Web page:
Did you hear the one about...? a few stories from Euro ‘88
The European Championship finals are almost upon us and that means a whole raft of new stories from the travelling Irish support.
The Green Army are known as among the very best football supporters in the world, and with the sun shining in France, there’s bound to be some craic.
The finals in Germany in ‘88 were the first time Ireland were on the biggest football stage of all and the stories of the Irish fans’ adventures getting to and around Germany have passed in to football lore or urban myth. That tournament, with the victory over England in the Neckerstadion was the touch paper the would set Europe ablaze with Irish support over the coming years and lead to the Irish fans doing themselves and their country a great service abroad.
How Jack Charlton came to lead the Irish team to their greatest ever moment is a classic in itself. Like everything about that time it was an unlikely event that happened in the most unusual way. In his autobiography Jack Charlton described the manner in which he was offered the Irish job.
Early in December 1985, the phone rang in my office at home. The voice on the other end of the line was, unmistakably, Irish.
“Is that Jack Charlton?”
“It is,” I replied.
This is Des Casey, President of the Football Association of Ireland. Would you be interested in doing the job?”
“What job?” I enquired.
“Managing the Ireland team.”
“Yes,” I said – and with that, the line goes dead. Not another word, nothing. Bloody hell!
And that was it. Jack was on board, and with a little help from Scotland Ireland qualified for their first major tournament. The Irish fans were in heaven, having waited in vain for so long to get the chance to support their team on the big stage. They had gotten close with John Giles and Eoin Hand, but this time they were into a European Championships finals, no mean feat.
Ray Houghton’s goal against the English that day in Stuttgart is part of Irish football legend. We’ll never tire of watching it. If you watch the clip, you can see as the Irish camp go berserk celebrating the Irish goal, Jack Charlton seems to be rubbing his head in amazement at the fact the Irish had taken the lead. It came out some time later, that he wasn’t puzzled at all, he’d only cracked his head off the roof of the dugout as he jumped up to celebrate and was rubbing the subsequent bump.
The celebrations after the game were epic. The players were given leeway to celebrate the greatest moment of their careers and celebrate they did. When the Ireland players got together for a reunion in 2013, Ronnie Whelan asked Tony Galvin a question that had been burning all these years.
“I have to ask you this, Tony, Why were you running along the corridor with a black sheet on your back going ‘I’m a bat’? I just never got round to ask you that one,” quizzed Ronnie.
“We had to be in bed for 12 o’clock and I must have drunk quite a lot in a short space of time, and then I became a bat. I don’t know why. Such is life! I was hoping that wouldn’t be remembered.”
Liam Brady, despite being Ireland’s best player had been omitted from the Irish squad for the tournament due to a cruciate ligament injury as well as a suspension. He played in all of Ireland’s qualifying games but missed out on the chance to show his ability on the big stage as he’d done with Arsenal and Juventus. It didn’t stop him turning up to the team hotel that night in Stuttgart and leading the sign along with his team mates though.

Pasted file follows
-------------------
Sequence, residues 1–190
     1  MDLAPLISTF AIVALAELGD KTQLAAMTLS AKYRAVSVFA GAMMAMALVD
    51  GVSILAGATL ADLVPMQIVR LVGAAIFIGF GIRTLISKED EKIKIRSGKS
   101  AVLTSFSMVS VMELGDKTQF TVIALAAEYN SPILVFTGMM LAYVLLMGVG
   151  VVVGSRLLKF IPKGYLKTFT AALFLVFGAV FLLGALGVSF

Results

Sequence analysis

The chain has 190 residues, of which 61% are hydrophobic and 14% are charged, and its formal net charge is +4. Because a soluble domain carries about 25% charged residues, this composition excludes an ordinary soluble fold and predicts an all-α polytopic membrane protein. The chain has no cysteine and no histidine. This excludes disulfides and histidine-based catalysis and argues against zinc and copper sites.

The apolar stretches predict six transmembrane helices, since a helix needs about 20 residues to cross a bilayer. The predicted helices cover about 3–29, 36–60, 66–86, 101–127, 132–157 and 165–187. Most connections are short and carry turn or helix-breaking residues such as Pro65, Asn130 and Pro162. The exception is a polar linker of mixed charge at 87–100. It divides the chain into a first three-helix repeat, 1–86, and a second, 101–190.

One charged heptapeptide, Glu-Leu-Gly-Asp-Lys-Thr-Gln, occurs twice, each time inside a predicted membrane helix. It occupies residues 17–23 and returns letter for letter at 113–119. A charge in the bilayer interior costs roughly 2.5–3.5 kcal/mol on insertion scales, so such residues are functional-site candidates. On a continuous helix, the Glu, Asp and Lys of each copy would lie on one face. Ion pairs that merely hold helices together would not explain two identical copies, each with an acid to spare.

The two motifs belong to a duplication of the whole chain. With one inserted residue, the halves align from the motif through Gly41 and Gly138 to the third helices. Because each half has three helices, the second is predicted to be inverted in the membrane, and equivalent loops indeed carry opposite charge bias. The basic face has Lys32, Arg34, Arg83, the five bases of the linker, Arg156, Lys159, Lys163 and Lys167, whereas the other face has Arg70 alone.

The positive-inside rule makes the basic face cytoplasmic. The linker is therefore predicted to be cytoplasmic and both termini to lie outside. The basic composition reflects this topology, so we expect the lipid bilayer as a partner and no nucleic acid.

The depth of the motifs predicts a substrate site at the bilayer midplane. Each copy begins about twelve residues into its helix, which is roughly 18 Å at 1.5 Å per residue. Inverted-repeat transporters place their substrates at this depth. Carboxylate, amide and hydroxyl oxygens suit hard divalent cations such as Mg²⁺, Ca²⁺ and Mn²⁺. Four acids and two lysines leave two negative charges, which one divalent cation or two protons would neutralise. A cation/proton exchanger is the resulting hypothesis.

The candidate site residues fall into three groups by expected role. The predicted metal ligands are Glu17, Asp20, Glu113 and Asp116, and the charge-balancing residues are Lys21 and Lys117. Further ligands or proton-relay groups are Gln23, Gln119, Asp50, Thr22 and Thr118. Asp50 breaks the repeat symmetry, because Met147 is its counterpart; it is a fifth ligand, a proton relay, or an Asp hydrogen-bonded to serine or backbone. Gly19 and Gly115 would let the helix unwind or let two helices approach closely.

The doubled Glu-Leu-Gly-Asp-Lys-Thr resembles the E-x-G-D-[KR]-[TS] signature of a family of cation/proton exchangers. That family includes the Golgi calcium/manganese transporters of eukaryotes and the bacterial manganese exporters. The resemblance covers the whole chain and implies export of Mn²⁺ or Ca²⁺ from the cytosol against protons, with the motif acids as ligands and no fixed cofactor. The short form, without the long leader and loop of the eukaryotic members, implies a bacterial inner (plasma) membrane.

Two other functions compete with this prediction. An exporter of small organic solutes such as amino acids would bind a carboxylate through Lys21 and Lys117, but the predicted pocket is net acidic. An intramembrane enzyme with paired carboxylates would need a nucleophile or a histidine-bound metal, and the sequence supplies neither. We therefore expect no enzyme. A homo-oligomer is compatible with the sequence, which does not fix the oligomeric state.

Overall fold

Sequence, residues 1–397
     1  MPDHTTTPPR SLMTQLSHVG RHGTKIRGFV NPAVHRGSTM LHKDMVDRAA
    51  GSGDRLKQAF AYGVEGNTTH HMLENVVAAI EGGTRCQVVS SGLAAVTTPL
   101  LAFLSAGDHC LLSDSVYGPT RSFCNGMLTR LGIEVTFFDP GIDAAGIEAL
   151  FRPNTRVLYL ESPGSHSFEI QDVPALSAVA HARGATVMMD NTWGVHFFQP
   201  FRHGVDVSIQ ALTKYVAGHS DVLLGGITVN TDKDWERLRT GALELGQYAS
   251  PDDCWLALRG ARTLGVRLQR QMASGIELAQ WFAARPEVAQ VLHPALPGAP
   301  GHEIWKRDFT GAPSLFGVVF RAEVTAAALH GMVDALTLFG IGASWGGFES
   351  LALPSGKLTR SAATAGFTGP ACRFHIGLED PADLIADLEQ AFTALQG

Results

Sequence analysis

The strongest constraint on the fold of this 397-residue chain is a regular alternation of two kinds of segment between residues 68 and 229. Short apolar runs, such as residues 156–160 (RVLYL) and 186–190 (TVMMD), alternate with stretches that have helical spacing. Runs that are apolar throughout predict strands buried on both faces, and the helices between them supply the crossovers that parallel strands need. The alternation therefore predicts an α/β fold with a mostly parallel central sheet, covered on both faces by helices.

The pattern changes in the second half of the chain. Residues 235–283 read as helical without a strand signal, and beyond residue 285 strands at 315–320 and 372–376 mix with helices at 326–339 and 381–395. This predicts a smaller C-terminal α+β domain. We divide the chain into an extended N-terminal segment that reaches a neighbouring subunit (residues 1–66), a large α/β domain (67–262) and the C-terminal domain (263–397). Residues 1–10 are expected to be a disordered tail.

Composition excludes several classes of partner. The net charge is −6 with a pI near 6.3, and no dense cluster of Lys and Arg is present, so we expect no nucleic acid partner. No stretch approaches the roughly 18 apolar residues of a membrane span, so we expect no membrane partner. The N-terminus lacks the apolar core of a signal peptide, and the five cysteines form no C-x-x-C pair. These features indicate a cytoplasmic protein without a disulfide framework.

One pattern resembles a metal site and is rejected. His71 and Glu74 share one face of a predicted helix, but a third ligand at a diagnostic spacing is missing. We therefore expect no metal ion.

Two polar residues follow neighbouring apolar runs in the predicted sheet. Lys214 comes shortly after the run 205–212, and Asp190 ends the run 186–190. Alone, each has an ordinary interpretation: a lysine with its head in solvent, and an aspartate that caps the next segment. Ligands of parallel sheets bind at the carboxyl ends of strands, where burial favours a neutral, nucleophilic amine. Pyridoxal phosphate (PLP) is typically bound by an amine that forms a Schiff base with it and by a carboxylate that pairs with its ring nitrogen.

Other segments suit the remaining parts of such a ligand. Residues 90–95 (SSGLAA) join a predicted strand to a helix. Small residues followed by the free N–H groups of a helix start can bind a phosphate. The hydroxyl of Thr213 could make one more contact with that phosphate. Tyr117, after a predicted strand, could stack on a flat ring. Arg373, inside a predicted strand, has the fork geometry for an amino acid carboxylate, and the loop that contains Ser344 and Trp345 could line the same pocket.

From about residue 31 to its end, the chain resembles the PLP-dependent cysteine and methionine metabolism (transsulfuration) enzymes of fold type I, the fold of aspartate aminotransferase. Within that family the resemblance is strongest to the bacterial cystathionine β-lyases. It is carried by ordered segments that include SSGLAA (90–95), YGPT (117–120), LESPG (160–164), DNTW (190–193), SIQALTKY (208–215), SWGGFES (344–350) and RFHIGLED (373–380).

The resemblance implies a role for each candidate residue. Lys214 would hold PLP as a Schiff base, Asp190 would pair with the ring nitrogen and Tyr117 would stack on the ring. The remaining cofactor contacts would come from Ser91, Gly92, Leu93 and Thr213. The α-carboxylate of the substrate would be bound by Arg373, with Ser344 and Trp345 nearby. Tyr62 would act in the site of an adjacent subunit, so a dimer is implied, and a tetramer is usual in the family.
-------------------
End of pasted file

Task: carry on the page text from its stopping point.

Legend has it that the then FAI President Fran Fields, since sadly departed, allegedly told Mayor Rommel of Stuttgart that “tonight we have done what your grandfather failed to do and beaten the English.”
However it was the Irish fans who stole the show after the game in Stuttgart. The great Jimmy Magee had a story about how he was stopped by a group of Irish fans the morning after the game he was known as the ‘Memory Man’ with an answer for every question. “Hey Jimmy’” they asked him. “Can you remember where our hotel is?”.
They weren’t the only ones to have difficulty locating their hotel in Stuttgart. Two Irish supporters couldn’t remember where their hotel was, although they did write down the name of the street the hotel was on. None of the locals were able to tell them where “einbahnstrasse” was until they were told in perfect dead-pan English "Yes gentleman I can see your hotel is on a one-way street but which one I do not know”.
The Irish will be out in force in France this tournament and they’ll be welcomed with open arms. The Euro 2016 tournament will be a better place with a sea of green in it. These sentiments were written down when Ireland managed to qualify. In case you missed it, German journalist Stephan Reich German football magazine 11Feunde:
“Celebrations, dancing, singing – who can do these better than the Irish, who on Monday qualified for Euro 2016 in France itself? Ironically in France, which so shortly after the attacks is still covered with a leaden seriousness, a seriousness that will accompany the tournament next year.
“The qualification of the Irish is a godsend. The Boys in Green can celebrate like no other nation, always peaceful, always sympathetic and emphatic, with an infectious, childlike joy.
“They’ll bring huge numbers of good-humoured people prepared to experience a piece of joy. For this then, we look forward, even if pleasure is difficult at this moment. But as Paris is about life, football is also about life. And the Irish are the best proof.”
The Irish clearly made an impression on him.